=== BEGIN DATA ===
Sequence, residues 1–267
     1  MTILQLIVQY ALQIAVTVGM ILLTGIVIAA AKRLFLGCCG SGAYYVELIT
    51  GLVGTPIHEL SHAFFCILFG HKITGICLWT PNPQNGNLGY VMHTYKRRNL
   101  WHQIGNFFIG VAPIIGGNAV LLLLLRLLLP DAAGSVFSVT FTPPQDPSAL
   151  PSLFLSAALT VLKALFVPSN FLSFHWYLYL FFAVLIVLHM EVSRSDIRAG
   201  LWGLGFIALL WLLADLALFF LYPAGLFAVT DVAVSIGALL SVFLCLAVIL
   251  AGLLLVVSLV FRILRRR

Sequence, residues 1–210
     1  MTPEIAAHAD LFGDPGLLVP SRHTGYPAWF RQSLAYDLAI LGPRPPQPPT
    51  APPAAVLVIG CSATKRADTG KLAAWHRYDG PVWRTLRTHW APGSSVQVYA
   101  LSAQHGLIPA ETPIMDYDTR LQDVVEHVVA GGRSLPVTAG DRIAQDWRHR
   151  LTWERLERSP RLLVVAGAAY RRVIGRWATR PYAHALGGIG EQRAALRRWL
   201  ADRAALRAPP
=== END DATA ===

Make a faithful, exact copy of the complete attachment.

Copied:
Sequence, residues 1–267
     1  MTILQLIVQY ALQIAVTVGM ILLTGIVIAA AKRLFLGCCG SGAYYVELIT
    51  GLVGTPIHEL SHAFFCILFG HKITGICLWT PNPQNGNLGY VMHTYKRRNL
   101  WHQIGNFFIG VAPIIGGNAV LLLLLRLLLP DAAGSVFSVT FTPPQDPSAL
   151  PSLFLSAALT VLKALFVPSN FLSFHWYLYL FFAVLIVLHM EVSRSDIRAG
   201  LWGLGFIALL WLLADLALFF LYPAGLFAVT DVAVSIGALL SVFLCLAVIL
   251  AGLLLVVSLV FRILRRR

Sequence, residues 1–210
     1  MTPEIAAHAD LFGDPGLLVP SRHTGYPAWF RQSLAYDLAI LGPRPPQPPT
    51  APPAAVLVIG CSATKRADTG KLAAWHRYDG PVWRTLRTHW APGSSVQVYA
   101  LSAQHGLIPA ETPIMDYDTR LQDVVEHVVA GGRSLPVTAG DRIAQDWRHR
   151  LTWERLERSP RLLVVAGAAY RRVIGRWATR PYAHALGGIG EQRAALRRWL
   201  ADRAALRAPP